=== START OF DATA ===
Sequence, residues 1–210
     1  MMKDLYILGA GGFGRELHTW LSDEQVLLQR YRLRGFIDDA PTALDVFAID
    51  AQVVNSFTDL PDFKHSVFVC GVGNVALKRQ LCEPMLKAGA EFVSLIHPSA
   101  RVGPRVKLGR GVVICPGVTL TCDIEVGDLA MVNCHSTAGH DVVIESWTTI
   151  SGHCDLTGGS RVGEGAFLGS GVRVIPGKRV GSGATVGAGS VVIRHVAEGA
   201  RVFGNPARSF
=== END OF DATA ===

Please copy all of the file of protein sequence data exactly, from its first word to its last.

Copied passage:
Sequence, residues 1–210
     1  MMKDLYILGA GGFGRELHTW LSDEQVLLQR YRLRGFIDDA PTALDVFAID
    51  AQVVNSFTDL PDFKHSVFVC GVGNVALKRQ LCEPMLKAGA EFVSLIHPSA
   101  RVGPRVKLGR GVVICPGVTL TCDIEVGDLA MVNCHSTAGH DVVIESWTTI
   151  SGHCDLTGGS RVGEGAFLGS GVRVIPGKRV GSGATVGAGS VVIRHVAEGA
   201  RVFGNPARSF